More on "moist"

Benjamin Zimmer bgzimmer at BABEL.LING.UPENN.EDU
Sun Aug 9 03:02:56 UTC 2009

On Sat, Aug 8, 2009 at 12:46 PM, Laurence Horn wrote:
> At 12:04 PM -0400 8/8/09, Jonathan Lighter wrote:
>>The Archives do not wish to disgorge very much of last year's discussion of
>>the allegedd offensiveness of this word.
>>Just heard on NPR's quiz show "Wait Wait Don't Tell Me!" which I find
>>_highly_ offensive for its unfunniness, that users of FaceBook have declared
>>the word "moist" to be the most unpleasant word in English (or on FaceBook -
>>sorry I didn't hear the entire thing).
> Wonder where "hoist" and "joist" fall on the list.  I suspect
> semantics has something to do with it...

This was indeed the point I was trying to make in the Word Routes
column. Here's what I originally wrote:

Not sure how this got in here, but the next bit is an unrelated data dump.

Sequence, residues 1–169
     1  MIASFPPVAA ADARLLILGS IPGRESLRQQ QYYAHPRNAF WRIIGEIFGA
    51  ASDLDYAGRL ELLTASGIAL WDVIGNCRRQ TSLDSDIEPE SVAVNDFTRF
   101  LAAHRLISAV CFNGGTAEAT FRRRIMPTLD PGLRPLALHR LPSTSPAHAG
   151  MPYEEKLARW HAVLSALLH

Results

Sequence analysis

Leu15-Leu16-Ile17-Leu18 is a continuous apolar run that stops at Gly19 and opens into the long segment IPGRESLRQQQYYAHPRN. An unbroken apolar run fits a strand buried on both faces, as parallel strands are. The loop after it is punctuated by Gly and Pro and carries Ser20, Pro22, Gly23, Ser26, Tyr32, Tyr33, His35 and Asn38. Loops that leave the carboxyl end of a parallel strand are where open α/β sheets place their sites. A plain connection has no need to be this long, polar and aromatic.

"Why does 'moist' merit a Facebook group of haters, while 'hoist' and
'joist' go unnnoticed? It's more than just the sound of the word: the
disliked words tend to have some basic level of ickiness... slimy
stuff, bodily discharge, or other things that people would prefer not
to think about. Icky words include 'nostril,' 'crud,' 'pus,' and
'pimple.' 'Ointment' and 'goiter' share the 'oi' sound with 'moist':
there must be something about that diphthong that gets under people's

--Ben Zimmer

The American Dialect Society -

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